FIVE WITH ALEXANDRA ADLER:
POWERING CLEANTECH ONE VOLUNTEER AT A TIME
Interview by Peg Zokowski, Innovators Ink
It all comes down to organizing people in order to make change. That’s what Alexandra (Ali) Adler, CEO of the Northeast Division of Cleantech Open (Cleantech Open Northeast), will tell you. In just her first 18 months at the helm, Adler, has expanded the reach of the Cleantech Open Northeast into 9 states with a growing army of ardent cleantech volunteers and mentors on the ground.
Adler was set on her current path after reading her first article on climate change in high school. “I was blown away. I couldn’t believe I didn’t know about it, and people were not doing something about it.” And a trip to Israel, prior to college, “made me much more conscious about how unsustainably our society has evolved. There, I noticed everyone living a simpler life style—one car not two, an apartment not a house.”
In college, Adler dove headlong into climate change taking as many classes as she could on sustainability, while organizing Campus Climate Change events, writing an opinion column on the college’s climate change efforts, and lobbying state and federal representatives on the 2007 federal Energy Bill and the Maryland Global Warming Solutions Act. Neither passed the first time, and Adler admitted it was discouraging after working so hard on an issue. That discouragement motivated her to learn more about the technology side of cleantech. Upon graduating, Adler went to work for the Massachusetts Clean Energy Center (MassCEC) to gain exposure to the business world of cleantech. While there, she worked on sector development and building the cleantech cluster in the State. Adler also came to see entrepreneurs as the people who were going to solve the problems. “I realized that in the private sector things can move a lot more quickly, and I got excited about this and the innovations that could make a big impact. After 18 months at MassCEC, she landed the job as Executive Director of Cleantech Open Northeast.
ii: You have a big job for a young professional.
AA: Yes I do. And it’s been a challenge. It helps that I’m working with a lot of other people who are entrepreneurs and young professionals. I’m not alone being a young person with a lot of responsibility. It also helps [that] I have a number of amazing mentors because I’ve had a lot to learn to grow into the role —the two chairmen of the Cleantech Open Northeast board and the former CEO of MassCEC have been great mentors among many others who have supported me; I’ve also had some great female mentors. All of this has helped me work through the challenges. I have those days where I think I can’t do it, but I really do feel empowered. And I wouldn’t be able to do it if I didn’t care about the problem. The thing that motivates me is passionate people and being a part of something bigger.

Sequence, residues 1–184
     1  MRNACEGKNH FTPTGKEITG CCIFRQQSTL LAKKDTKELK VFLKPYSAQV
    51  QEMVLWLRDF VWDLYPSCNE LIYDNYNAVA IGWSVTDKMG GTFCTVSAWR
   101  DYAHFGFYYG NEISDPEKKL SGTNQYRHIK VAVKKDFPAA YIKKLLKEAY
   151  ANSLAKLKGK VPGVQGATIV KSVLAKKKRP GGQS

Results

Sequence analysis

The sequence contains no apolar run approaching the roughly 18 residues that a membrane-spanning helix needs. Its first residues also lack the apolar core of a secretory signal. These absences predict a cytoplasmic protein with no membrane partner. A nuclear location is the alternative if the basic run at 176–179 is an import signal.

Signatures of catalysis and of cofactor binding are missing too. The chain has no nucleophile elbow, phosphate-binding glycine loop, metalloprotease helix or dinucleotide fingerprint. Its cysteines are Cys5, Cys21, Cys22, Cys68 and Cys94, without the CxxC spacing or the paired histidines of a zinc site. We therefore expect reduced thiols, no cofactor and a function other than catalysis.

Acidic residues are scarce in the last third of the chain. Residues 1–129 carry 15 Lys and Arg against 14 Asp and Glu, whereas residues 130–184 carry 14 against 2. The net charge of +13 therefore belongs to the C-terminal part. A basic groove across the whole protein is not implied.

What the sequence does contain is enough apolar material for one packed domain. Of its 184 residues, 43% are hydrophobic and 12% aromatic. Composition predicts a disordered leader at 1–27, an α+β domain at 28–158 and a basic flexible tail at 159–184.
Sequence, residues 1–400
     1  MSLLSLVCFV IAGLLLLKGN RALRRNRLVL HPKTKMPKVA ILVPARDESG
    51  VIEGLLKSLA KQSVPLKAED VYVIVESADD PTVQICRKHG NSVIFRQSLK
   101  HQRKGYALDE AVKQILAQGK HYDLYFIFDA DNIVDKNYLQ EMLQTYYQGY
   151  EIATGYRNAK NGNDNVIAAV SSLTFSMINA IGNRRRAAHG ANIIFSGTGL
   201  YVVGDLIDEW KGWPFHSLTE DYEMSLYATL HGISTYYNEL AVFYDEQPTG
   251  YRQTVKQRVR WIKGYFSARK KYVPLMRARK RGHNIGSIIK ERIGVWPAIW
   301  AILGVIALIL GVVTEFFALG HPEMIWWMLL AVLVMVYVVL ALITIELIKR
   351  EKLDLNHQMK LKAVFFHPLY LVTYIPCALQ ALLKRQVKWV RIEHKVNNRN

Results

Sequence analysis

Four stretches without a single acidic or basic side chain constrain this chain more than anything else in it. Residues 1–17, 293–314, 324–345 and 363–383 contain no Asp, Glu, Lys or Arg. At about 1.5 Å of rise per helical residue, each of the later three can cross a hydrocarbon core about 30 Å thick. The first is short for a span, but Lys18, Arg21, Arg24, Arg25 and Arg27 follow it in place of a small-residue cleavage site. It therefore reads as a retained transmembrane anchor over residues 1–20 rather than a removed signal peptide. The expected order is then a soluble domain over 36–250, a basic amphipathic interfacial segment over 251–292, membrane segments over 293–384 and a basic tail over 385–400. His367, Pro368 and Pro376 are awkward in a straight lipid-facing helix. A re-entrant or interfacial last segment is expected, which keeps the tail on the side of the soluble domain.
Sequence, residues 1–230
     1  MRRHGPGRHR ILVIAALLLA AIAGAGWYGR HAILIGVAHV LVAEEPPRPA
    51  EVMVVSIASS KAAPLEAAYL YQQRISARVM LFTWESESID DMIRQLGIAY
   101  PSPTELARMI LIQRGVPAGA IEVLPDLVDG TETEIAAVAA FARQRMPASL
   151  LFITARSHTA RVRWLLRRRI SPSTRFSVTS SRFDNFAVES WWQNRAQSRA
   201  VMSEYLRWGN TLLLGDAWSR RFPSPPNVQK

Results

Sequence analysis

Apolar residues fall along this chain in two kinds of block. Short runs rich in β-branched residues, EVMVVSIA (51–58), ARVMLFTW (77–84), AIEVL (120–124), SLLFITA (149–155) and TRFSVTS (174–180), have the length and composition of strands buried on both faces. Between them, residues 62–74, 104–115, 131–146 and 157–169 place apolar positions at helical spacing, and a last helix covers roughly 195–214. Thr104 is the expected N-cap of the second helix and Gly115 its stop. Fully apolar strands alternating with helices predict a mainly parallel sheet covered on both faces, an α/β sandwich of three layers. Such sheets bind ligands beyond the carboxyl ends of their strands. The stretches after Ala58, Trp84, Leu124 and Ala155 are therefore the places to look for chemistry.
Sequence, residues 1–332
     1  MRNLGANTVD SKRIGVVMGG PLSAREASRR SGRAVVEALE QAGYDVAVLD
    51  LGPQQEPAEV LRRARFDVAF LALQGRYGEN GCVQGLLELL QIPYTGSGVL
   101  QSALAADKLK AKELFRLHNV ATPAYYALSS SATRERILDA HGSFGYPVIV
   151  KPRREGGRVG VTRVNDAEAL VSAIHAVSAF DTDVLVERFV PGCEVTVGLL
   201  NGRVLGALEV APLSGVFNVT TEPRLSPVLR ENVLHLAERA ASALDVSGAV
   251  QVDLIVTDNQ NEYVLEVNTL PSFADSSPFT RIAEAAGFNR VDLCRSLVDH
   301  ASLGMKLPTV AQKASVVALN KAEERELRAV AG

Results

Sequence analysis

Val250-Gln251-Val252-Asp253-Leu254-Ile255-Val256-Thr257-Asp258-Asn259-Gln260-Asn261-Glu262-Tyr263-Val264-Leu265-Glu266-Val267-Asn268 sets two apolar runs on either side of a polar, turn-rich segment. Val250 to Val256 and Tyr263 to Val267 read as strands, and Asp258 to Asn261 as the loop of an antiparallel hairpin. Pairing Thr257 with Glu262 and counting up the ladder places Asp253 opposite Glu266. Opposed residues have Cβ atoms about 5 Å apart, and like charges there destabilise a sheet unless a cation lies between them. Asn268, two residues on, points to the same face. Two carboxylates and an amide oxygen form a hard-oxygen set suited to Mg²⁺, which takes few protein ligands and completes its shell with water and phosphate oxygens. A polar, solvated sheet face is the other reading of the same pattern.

ii: Any big initiatives launched this year or planned for next?
AA: We regionalized this organization. When I started it was pretty much just Boston. Yes, it is our home base, but since coming here we have built out our regional network—starting with a tour through Upstate New York—in New York City, upstate New York and Philadelphia, to name a few, with some incredible partners volunteering to make it happen. Prior to 2012, we had no volunteers outside of Boston. This year, across New York State alone we have 9 volunteer leaders.
In terms of the number of mentors, we had 45 people from New York City metro area apply to mentor this year, thanks to the hard work of our NYC metro director and NYC mentor lead, Tim Hoffman. We also had 13 mentor applicants from upstate New York, 12 from the Philadelphia area, and 3 from Maine. We have more than 100 mentors from Massachusetts. Last year we had only 15 mentors from New York State and none previously from the Philadelphia area.
This year, as a result of our efforts, more than half the companies accepted into our Accelerator program this year were from outside Massachusetts—22 out of 39.
ii: There had to be a few bumps in the road along the way. Any lessons learned?
AA: I had to learn how to manage people remotely. We recruited lead volunteers in expansion cities, and the challenge is not only in managing them, but keeping them engaged. Sometimes, other opportunities prevent them from staying on, as did happen in one expansion city. Where this occurs we scale back events and focus on our Ambassadors on the ground who continue building awareness among start-ups.
ii: What are you noticing in terms of the number of start-ups led by women vs. men?
AA: A lot of our founders are men this year, but we do have some women founders. I think the reason there are more men in this field isn’t sexist, but because energy historically has been male-dominated. There are a lot of start-ups, however, with women on their team.
ii: What question do you wish you were asked but aren’t?
AA: If they I wish people asked me what they could do to be a part of this—to help entrepreneurs and to help Cleantech Open Northeast. In speaking with people, I get the sense that people find this exciting. I want to help people to be a part of it.
If people are inspired by what they have read here they should call me. We have a lot of room to grow. I’m busy, but always make time to mentor young people entering the industry and am happy to talk to anyone about my experience.
ii: And if they asked, what would you tell them?
AA: If they have expertise and experience [working] with cleantech entrepreneurs they should mentor another entrepreneur. And I think that’s the number one way to help through Cleantech Open Northeast. Generally speaking, [they can help by] telling the story—the positive story—of cleantech. The industry has gone through tough times, but it isn’t dying.
Register for the October 17th Cleantech Open Northeast Innovation Expo and Awards Gala in Boston, and the November 20-21 Cleantech Open Global Forum in San Jose, CA.